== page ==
I hate to break it to you, but, yes, it's true. There was a piggy by the railway who was picking up stones (foolish little piggy). Unfortunately for him a train came along and broke all of his bones (as was only to be expected, really). With his dying breath, the little piggy gasps that it wasn't fair (maybe alluding to the brevity of his lifespan) and then the engine driver who had gotten out of the train by now and was staring down at the dying piggy with a sneer, sniffed and expressed his total lack of feeling on the matter. Moral of the story clearly is to fear and respect engine drivers.
Talking about piggies, one has to mention that Orson Scott Card is an excellent story maker even if a rather poor story teller. And so, I do him the justice of recognising that just like my grand-daddy (who seldom made up stories but was an excellent raconteur) he would have never suggested that the piggies with the twig and hay houses fled to their more fortunate brother of the brick house. No, certainly not. They were eaten by the wolf. Wolves are not simpletons. Any wolf worth his salt would eat up any piggy who was foolish enough to build houses out of hay and any wolf who had the persistence to blow stick houses down is a wolf worth his salt. Moral of this story, give the Ender trilogy a shot. You might enjoy it. I did.
Talking about wolves, there's the other classic wolf story. The one where the pretty little girl with the red hood goes jauntering through the forest and sells her grand-mum down the river to the big, bad, definitely male wolf. The wolf then proceeds to kill the grand-mum and feed the little girl the remains (that's the way *I* heard it, at least). The woodman comes along and saves the girl but I never heard tell of the grand-mum's rescue until much later (my grand-dad was a formidable man and I think he was trying to make a point there (he was also endowed with much foresight and it must have seemed like a good idea to him at the time to tell his grand daughter about the evils of the world in general and male wolves in particular)). The moral of that story was quite clear, I always thought. Get yourself into any kind of trouble and it's your family that'll pay. And additionally, pretty girls and wolves are fatally intertwined.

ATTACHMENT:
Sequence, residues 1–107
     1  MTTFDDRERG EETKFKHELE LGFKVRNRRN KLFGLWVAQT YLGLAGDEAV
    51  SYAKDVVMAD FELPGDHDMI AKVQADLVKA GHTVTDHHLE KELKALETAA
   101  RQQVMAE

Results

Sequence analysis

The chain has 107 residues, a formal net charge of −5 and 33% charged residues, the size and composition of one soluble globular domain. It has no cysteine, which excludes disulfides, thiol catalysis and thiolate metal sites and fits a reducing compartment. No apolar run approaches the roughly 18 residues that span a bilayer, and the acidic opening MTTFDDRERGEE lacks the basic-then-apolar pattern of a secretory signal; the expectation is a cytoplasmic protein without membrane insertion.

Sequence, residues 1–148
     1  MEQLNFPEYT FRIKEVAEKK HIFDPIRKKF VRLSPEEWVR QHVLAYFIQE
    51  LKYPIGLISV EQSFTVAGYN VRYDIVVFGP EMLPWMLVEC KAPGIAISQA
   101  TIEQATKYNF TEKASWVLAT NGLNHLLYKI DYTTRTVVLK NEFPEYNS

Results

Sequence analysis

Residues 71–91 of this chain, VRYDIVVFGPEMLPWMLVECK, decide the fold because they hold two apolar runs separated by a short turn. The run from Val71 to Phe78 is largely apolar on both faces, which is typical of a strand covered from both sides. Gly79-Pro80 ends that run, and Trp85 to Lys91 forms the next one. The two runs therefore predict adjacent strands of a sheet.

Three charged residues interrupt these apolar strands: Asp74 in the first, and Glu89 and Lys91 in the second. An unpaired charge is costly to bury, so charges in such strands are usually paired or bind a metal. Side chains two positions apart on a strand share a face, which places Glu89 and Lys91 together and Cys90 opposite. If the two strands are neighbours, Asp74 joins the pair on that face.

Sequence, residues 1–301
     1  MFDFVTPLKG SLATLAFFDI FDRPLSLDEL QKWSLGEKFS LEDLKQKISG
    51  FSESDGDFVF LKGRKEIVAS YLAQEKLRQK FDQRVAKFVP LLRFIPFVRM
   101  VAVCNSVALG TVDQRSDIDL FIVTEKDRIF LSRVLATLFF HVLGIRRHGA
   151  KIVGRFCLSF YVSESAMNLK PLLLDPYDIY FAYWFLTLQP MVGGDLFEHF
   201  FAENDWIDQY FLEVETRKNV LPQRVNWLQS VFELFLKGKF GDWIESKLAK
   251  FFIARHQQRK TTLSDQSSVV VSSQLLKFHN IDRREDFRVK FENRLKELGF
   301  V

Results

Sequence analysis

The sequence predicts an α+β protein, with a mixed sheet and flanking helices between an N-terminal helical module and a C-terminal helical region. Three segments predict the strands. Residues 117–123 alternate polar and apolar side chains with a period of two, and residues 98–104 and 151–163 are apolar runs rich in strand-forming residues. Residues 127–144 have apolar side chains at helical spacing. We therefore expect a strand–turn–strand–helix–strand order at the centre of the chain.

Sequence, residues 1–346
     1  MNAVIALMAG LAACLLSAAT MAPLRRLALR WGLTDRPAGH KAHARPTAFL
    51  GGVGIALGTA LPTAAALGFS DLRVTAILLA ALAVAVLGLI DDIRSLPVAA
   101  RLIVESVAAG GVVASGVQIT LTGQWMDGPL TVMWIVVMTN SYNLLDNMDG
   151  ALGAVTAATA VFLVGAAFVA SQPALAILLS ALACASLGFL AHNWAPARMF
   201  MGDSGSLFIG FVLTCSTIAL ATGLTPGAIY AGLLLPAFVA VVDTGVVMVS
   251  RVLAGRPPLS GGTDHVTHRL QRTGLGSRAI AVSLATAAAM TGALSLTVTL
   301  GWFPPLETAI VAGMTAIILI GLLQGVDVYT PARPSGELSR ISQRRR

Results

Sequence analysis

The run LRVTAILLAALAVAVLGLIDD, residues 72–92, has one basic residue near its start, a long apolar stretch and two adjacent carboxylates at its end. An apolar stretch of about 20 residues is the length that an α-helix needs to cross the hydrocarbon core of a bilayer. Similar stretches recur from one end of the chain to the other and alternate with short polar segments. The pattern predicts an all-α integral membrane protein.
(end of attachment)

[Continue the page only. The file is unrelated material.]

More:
Talking of pretty girls, you must have heard of the wandering spirit who snuck into her lady's chamber and finding an old man in there, picked him up by his left leg and threw him down the stairs. While this might very well be a reference to Cromwellian supporters or King Henry or priestholes, the moral could be only one thing. For pity's sake don't let strange creatures liable to grab people and hurl them down staircases wander around your house. Upstairs and downstairs and in my lady's chamber. Ugh. Creepy.